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Martine Syms (b. 1988, Los Angeles (CA)) obtained a MFA from Bard College, Annandale-on-Hudson (NY) (2017) and a BFA from The School of the Art Institute of Chicago (IL) (2007). Syms has earned wide recognition for a practice that combines conceptual grit, humor, and social commentary. Using a combination of video, installation and performance, often interwoven with explorations into technique and narrative, Syms examines representations of blackness and its relationship to vernacular, feminist thought, and radical traditions. Syms's research-based practice frequently references and incorporates theoretical models concerning performed or imposed identities, the power of the gesture, and embedded assumptions concerning gender and racial inequalities.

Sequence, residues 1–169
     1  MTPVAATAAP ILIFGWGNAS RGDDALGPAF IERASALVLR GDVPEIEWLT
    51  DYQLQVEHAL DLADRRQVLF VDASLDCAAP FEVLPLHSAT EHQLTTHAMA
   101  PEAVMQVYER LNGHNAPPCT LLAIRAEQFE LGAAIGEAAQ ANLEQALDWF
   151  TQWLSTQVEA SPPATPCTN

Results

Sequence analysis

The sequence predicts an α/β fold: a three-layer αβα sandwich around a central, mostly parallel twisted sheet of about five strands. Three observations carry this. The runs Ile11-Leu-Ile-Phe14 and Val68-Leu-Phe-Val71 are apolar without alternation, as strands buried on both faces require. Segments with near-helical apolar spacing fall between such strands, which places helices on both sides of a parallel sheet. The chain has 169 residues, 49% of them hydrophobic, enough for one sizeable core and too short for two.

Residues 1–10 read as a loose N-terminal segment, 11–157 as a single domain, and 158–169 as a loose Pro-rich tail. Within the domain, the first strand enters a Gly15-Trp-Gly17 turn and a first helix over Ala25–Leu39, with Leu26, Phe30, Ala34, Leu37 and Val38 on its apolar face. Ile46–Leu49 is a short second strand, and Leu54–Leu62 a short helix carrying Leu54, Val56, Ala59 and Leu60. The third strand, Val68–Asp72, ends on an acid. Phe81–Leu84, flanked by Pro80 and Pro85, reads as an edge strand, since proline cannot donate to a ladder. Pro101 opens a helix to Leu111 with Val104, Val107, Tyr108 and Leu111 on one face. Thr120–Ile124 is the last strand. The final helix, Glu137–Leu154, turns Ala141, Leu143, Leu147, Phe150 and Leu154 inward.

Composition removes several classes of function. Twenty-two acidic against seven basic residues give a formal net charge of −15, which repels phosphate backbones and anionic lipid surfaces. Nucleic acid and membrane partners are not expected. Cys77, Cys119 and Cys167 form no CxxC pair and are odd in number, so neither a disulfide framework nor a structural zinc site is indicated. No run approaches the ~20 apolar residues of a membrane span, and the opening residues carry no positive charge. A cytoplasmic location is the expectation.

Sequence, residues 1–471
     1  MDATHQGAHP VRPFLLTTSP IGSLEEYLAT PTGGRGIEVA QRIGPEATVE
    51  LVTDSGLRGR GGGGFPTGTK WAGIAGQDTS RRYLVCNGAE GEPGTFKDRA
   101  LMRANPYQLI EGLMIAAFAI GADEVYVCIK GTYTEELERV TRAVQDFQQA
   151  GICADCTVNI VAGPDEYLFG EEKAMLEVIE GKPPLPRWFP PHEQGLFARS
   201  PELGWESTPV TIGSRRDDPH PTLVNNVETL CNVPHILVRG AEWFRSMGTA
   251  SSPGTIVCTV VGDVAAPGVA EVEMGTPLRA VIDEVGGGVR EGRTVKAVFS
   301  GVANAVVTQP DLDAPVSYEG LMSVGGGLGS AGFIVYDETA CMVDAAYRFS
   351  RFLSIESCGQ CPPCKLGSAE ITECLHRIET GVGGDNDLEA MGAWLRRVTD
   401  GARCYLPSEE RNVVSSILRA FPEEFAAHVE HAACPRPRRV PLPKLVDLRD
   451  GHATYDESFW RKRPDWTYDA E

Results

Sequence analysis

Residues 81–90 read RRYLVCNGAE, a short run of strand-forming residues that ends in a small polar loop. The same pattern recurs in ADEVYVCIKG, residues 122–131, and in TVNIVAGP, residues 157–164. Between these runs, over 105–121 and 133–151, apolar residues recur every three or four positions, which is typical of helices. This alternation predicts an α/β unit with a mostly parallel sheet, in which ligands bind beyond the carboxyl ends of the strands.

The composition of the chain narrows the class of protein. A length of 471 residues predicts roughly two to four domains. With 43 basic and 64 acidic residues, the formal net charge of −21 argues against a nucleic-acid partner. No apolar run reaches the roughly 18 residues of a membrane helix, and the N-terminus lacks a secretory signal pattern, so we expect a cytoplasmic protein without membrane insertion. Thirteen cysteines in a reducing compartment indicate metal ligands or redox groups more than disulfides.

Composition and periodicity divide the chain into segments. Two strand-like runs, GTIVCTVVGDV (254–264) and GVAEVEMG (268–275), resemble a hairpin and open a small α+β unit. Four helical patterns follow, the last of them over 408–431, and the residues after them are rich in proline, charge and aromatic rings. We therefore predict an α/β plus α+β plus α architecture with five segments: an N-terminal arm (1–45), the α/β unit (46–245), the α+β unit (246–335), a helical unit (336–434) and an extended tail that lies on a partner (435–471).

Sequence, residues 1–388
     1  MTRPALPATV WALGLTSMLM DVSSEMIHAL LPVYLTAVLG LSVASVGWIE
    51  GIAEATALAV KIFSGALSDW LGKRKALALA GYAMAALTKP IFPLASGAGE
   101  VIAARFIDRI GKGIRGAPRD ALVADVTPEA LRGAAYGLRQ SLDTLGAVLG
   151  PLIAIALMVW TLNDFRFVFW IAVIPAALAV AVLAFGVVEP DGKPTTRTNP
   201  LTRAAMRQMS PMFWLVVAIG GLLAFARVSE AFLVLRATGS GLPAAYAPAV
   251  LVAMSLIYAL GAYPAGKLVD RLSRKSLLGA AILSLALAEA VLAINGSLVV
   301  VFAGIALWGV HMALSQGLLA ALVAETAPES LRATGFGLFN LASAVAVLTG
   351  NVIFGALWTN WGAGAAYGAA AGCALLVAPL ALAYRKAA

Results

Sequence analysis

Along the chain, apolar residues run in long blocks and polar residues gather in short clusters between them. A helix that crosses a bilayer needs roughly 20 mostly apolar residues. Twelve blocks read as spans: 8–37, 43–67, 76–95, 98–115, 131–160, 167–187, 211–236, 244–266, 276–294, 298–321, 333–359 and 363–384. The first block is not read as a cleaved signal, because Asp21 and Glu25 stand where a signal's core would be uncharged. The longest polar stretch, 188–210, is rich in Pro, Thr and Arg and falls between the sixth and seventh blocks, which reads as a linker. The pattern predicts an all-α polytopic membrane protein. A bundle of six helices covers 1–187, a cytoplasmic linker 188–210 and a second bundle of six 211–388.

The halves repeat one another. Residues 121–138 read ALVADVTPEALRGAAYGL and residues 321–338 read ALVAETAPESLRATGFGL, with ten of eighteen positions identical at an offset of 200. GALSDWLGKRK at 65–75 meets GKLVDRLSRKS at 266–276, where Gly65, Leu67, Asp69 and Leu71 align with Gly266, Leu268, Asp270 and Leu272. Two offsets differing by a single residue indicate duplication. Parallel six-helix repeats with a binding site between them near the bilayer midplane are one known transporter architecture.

Her artwork has been exhibited and screened extensively, including presentations at the Museum of Modern Art, Hammer Museum, ICA London, New Museum, Museum of Contemporary Art Los Angeles, and The Studio Museum in Harlem, among other institutions. She has lectured at Yale University, SXSW, California Institute of the Arts, University of Chicago, Johns Hopkins University, and MoMA PS1, among other venues. Syms’ recently presented exhibitions include BOON, Secession; Shame Space, ICA Virginia Commonwealth University; Grand Calme, SCHQ; Big Surprise, Bridget Donahue Gallery; Contemporary Projects: Martine Syms, Serralves Museum; Projects 106: Martine Syms, Museum of Modern Art; Fact and Trouble, ICA London. From 2007-2011 she was the co-director of the Chicago artist run project space Golden Age, and she currently runs Dominica Publishing, an imprint dedicated to exploring blackness in visual culture. She is the author of Implications and Distinctions: Format, Content and Context in Contemporary Race Film (2011). She is a faculty member in the School of Art at the California Institute of the Arts.